Sudeshna Guha’s ‘A History of India through 75 Objects’: How objects inform us : The Tribune India

Sudeshna Guha’s ‘A History of India through 75 Objects’: How objects inform us

Sudeshna Guha’s ‘A History of India through 75 Objects’: How objects inform us

A History of India through 75 Objects by Sudeshna Guha. Hachette. Pages 669. Rs 1,299



Book Title: A History of India through 75 Objects

Author: Sudeshna Guha

Salil Misra

What do objects tell us about their times? This is a question that historians and others have been asking for some time, and, in the process, imbuing objects of the past with layers of meanings. Sudeshna Guha’s ‘A History of India through 75 Objects’ adds to such endeavours and explores how an understanding of India’s past can be developed through 75 objects that she chooses, chronologically. The significance of this work in the 75th year of Indian Independence is hard to miss. Guha’s choice of ‘objects’ is not limited to the exotica, but also includes those that hold meaning and have transformed lives of people, even in their mundaneness, like the chalet (mobile) solar pump. Objects carry meanings, not just those that they were instilled with, like the royal portraits, but also those that rest in their sheer materiality, as well as those that later observers read into them. Objects become texts that acquire meanings as newer readers find resonance through their experiences, making objects appear far more than they seem, or perhaps are.

One such object that Guha explores is the iconic ‘dancing girl’ of Harappa, which acquired its early characterisation owing to the opinions of the archaeologists who were the first to observe it. She shows not only how later art historians have questioned the labelling of the statuette as a dancing girl, but also how she figures in the contesting arguments of national belonging between the two nation-states of India and Pakistan, as did the jadeite necklace. The Pompeii Yakshi, on the other hand, carries tales of long journeys that merchants undertook from the southern Indian shores to the Mediterranean, and the objects that made their way with them. We also come to know the story of the discovery of the famous Didarganj Yakshi and the way her social location became a matter of debate between experts and local people.

Yet another object that lent itself to contentious politics of the present are the supposed doors of the Somnath temple. It was believed that after demolishing the Somnath temple, Mahmud of Ghazna took the doors of the temple with him to Kabul and these were later fixed to his tomb. In 1843, following the Anglo-Afghan wars, the British official Lord Ellenborough decided to uproot doors of the tomb of Mahmud of Ghazna and bring them to India. This move was criticised by several people, including Macaulay, who thought it would promote backward religious practices in India, which went against his desire to create a new kind of India. By the time the British government ordered Ellenborough to stop, the doors had already reached Agra, where they were then put in storage. Even though later archeological research suggested that the doors were made of pinewood and had decorative motifs that placed them closer to styles prevalent in the Islamicate world, the doors continue to be labelled as the doors of Somnath temple in the Agra fort museum.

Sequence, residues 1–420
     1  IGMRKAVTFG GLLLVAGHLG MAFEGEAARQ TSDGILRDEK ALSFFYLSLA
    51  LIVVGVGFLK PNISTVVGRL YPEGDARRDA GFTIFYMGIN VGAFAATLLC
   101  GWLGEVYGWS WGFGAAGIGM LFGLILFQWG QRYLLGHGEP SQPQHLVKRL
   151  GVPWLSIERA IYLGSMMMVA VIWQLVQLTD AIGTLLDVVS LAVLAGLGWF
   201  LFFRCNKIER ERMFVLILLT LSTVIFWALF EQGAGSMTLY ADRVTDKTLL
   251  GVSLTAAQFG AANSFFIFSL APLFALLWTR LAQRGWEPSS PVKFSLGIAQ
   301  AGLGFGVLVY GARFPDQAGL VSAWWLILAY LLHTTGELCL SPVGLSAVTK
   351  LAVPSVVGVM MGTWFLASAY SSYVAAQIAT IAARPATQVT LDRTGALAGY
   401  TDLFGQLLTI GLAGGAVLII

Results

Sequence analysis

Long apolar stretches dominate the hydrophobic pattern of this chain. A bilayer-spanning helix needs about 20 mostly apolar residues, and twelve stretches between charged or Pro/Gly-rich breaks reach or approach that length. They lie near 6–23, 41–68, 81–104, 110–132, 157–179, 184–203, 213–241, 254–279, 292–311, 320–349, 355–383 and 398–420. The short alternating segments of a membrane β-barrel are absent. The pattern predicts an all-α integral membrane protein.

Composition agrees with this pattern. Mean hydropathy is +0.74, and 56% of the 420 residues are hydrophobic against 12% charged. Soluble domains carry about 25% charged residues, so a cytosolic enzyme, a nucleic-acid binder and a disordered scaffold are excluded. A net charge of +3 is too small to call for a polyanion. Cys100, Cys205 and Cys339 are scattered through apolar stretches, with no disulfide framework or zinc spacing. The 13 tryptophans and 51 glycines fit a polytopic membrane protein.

Guha’s book also dedicates some pages to the changing nature of visual representations, which range from Akbar’s ‘Razmnama’, ‘Jahangir with the Portrait of Madonna’, portraits of Shivaji and Serfoji, a Deen Dayal photograph, a poster of the film ‘Mother India’, Gaganendranath Tagore’s ‘Jatashur’, Prabhu Dayal’s ‘Bharatuddhar’ print, the Amul billboards, the LIC logo, Pabuji’s Phad (painted scroll) and a Kaavad put to new uses. Each one of these images is stylised to convey meanings that the patrons as well as the artists wish to impart. What this also highlights is how despite ever increasing literacy, the visual continues to hold the attention of the Indian people.

Interestingly, Guha’s inventory doesn’t merely turn objects into texts, but also turns texts into objects. Through her readings of Kalhans’s ‘Rajtarangini’, a Quit India pamphlet, the Ambedkarite epic ‘Bhimayana’, and ‘Munnu’, a graphic novel on Kashmir, Guha argues that texts also turn into empowering objects, underlining the complex interface of the oral and the visual in histories of material culture. One important item missing from the inventory is sound, and its materiality, whether in the form of musical instruments, or the ubiquitous loudspeakers that dot the Indian landscape.

One of the important merits of Guha’s work is the shift away from the exotic to the contemporary and utilitarian objects, like the Ambassador car, or the Electronic Voting Machine (EVM), both representing shifting contours of power in modern India. An even more important, though short, entry is the ubiquitous Godrej lock, which not only signified the Indian resolve for ‘atmashakti’ (self-reliance), but has become the brand name that represents security for common people even today.

This aspect of Guha’s work points towards a much-needed distinction that separates the idea of heritage from that of material history. Guha demonstrates that objects, whether they are exotic or commonplace, do not acquire meaning only through the fact of their antiquity or uniqueness, but through the ways in which they provide meanings and contexts to the people who associate themselves with these.